帝光国政選挙 2015 | Teiko National Elections 2015

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Re: 帝光国政選挙 2015 | Teiko National Elections 2015

Post by InvaderNat » August 8th 2015, 11:53 pm

Getting close, can the TNP be knocked off it's post after all? :O
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Re: 帝光国政選挙 2015 | Teiko National Elections 2015

Post by jmsepe » August 9th 2015, 6:06 am

IRE505 wrote:Interesting to see the gap being bridged by the UNO
What would that new independents political view's be, if you don't mind me asking? :D
The independents all vary from their political agendas. Although most of them support militarization of Teiko against Japan, South Korea and China, pro-nuclear energy, against the free-trade and austerity measures, against public-private partnership projects and against privatization of many public corporations. They kinda lean on the left I believe.
InvaderNat wrote:Getting close, can the TNP be knocked off it's post after all? :O
Possibly, the people are still mad at the TNP for the Decriminalization of Bigamy Act which passed the three readings of the Teiko Royal Council only to be veto by Premier Akashi in the end who is also a part of the TNP. The National's internal problem is the main problem as some members disagree on many issues such free-trade, economic policies, legalization of drugs, abortion and euthanasia, environment, nuclear energy, protection of women and children's right and privatization of the utilities and transportation company. To date, the loss of TNP in the projected council members is basically a mix of the people's loss of confidence and some members pledging allegiance to the either the Democratic Party or Liberal Party.

A debate will happen in the last week of August (since this week is midterm exams in RL :lol:) so that you may get a grasp on how the parties differ on their stands on the key issues.

For simplicity, this is how the parties run on the spectrum:
Take note that DPT's ideology is social liberalism while LPT's ideology is liberal conservatism. :rofl:
Ah, the first quadrant is empty, I guess there is no Conservative Party in Teiko. :lol:

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BTW, the wiki page is still incomplete but you can read it HERE.
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Re: 帝光国政選挙 2015 | Teiko National Elections 2015

Post by jmsepe » September 16th 2015, 12:32 am

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PRINCE KAZUHITO DISSOLVES COUNCIL; TEIKONIANS TO VOTE IN NATIONAL ELECTIONS ON NOV 26
Prince Kazuhito dissolved the 18th Teiko Royal Council in preparation for the most expensive and anticipated national elections in the country’s history.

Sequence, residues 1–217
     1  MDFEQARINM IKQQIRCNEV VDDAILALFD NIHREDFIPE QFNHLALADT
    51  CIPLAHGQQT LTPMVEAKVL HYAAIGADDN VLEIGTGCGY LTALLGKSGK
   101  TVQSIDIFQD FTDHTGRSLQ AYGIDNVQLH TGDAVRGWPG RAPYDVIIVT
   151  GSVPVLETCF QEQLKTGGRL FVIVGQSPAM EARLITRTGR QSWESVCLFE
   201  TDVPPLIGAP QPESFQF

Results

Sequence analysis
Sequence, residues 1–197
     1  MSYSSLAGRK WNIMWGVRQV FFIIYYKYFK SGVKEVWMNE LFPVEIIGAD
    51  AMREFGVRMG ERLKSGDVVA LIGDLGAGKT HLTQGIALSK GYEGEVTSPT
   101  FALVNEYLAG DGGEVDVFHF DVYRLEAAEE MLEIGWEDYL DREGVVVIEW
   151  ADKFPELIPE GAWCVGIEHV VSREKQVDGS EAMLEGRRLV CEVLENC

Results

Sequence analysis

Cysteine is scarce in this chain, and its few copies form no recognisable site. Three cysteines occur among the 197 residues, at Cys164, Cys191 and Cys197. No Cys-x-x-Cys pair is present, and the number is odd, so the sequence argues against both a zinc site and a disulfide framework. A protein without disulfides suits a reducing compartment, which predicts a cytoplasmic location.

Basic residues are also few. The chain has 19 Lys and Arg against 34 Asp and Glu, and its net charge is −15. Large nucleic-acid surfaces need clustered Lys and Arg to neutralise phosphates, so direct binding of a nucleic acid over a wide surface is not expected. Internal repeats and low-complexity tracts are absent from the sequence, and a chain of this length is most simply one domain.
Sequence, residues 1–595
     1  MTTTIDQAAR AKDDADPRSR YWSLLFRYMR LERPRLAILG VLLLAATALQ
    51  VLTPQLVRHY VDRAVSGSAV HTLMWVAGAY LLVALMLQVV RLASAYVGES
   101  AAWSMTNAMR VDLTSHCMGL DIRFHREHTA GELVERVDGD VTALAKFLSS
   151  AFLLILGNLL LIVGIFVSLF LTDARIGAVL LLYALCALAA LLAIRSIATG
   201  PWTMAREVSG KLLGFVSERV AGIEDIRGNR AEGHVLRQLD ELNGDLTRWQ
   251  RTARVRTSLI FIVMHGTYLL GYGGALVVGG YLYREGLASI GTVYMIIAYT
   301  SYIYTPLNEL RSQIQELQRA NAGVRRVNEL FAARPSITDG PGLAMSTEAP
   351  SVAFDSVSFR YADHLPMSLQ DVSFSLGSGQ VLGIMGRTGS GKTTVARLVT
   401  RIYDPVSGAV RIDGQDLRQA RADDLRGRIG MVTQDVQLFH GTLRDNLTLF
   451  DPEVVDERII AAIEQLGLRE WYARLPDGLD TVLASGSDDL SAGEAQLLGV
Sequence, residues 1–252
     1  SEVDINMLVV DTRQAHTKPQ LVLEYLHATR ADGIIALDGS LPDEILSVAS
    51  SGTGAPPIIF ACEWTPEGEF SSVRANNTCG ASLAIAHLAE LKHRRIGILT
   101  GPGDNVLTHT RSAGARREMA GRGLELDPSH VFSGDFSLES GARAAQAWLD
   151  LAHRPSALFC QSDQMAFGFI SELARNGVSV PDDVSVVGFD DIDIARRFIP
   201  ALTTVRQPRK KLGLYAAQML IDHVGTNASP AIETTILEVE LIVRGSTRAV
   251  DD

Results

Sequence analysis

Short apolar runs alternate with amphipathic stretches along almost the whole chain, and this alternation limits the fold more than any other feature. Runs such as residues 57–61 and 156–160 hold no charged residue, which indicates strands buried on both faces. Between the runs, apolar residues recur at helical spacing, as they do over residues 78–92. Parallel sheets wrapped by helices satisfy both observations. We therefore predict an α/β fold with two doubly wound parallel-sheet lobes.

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Prince Kazuhito in 2015 (File photo)
TETSUYA, Federal Kingdom of Teiko – Prince Kazuhito in a rare occasion, personally visited the Teiko Royal Council Hall to announce the dissolution of the current congress. The Prince’s decision came shortly after a representative from the Teiko National Party (TNP) said it had formally requested him to do so. The dissolution of the council will pave way for the 5th sextennial national elections scheduled on November 26.

Teikonian law dictates that a general election must be held between 60 to 75 days from the dissolution of the parliament. Commission on Elections Chairman Hanzo Urushihara is expected to give a press conference at the end of the week regarding announcements and reminders for the upcoming election day.

In tradition, national elections in Teiko are divided into three: premiership, legislative and local elections, with voters having to vote for a premier, deputy premier, single-constituency representatives and block representatives in the national level. The local includes the election of city councilors, mayor, governor and prefectural council representatives.
Image Currently, Teiko is divided into ten prefectures with 36 districts. In the current 250 council structure of the Central-46, 50 are allocated for sectoral representatives while ten representatives are elected each prefecture and a representative is elected for each district. The remaining 64 district representatives are proportionally distributed among the twenty largest cities in the country with Kaijo and Rakuzan having 16 and 10 representatives respectively.
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Re: 帝光国政選挙 2015 | Teiko National Elections 2015

Post by jmsepe » September 16th 2015, 1:03 am